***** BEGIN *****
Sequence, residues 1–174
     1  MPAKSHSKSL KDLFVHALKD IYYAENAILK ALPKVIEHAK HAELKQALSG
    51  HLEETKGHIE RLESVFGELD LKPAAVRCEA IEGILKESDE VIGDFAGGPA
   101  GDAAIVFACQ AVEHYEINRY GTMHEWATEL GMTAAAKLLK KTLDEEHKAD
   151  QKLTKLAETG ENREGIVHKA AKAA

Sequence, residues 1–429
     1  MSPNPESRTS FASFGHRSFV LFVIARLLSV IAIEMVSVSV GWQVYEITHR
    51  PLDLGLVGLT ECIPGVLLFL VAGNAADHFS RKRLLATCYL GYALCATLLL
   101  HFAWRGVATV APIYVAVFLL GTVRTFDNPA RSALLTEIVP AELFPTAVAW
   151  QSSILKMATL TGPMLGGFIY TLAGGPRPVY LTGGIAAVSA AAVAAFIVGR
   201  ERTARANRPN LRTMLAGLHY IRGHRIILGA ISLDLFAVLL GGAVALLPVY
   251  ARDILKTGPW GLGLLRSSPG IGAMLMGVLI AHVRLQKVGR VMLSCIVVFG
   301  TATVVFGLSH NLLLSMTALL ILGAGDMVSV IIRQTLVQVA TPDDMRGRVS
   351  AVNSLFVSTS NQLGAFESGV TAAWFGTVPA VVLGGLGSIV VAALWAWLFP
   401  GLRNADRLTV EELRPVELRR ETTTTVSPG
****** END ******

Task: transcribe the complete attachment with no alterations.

Sequence, residues 1–174
     1  MPAKSHSKSL KDLFVHALKD IYYAENAILK ALPKVIEHAK HAELKQALSG
    51  HLEETKGHIE RLESVFGELD LKPAAVRCEA IEGILKESDE VIGDFAGGPA
   101  GDAAIVFACQ AVEHYEINRY GTMHEWATEL GMTAAAKLLK KTLDEEHKAD
   151  QKLTKLAETG ENREGIVHKA AKAA

Sequence, residues 1–429
     1  MSPNPESRTS FASFGHRSFV LFVIARLLSV IAIEMVSVSV GWQVYEITHR
    51  PLDLGLVGLT ECIPGVLLFL VAGNAADHFS RKRLLATCYL GYALCATLLL
   101  HFAWRGVATV APIYVAVFLL GTVRTFDNPA RSALLTEIVP AELFPTAVAW
   151  QSSILKMATL TGPMLGGFIY TLAGGPRPVY LTGGIAAVSA AAVAAFIVGR
   201  ERTARANRPN LRTMLAGLHY IRGHRIILGA ISLDLFAVLL GGAVALLPVY
   251  ARDILKTGPW GLGLLRSSPG IGAMLMGVLI AHVRLQKVGR VMLSCIVVFG
   301  TATVVFGLSH NLLLSMTALL ILGAGDMVSV IIRQTLVQVA TPDDMRGRVS
   351  AVNSLFVSTS NQLGAFESGV TAAWFGTVPA VVLGGLGSIV VAALWAWLFP
   401  GLRNADRLTV EELRPVELRR ETTTTVSPG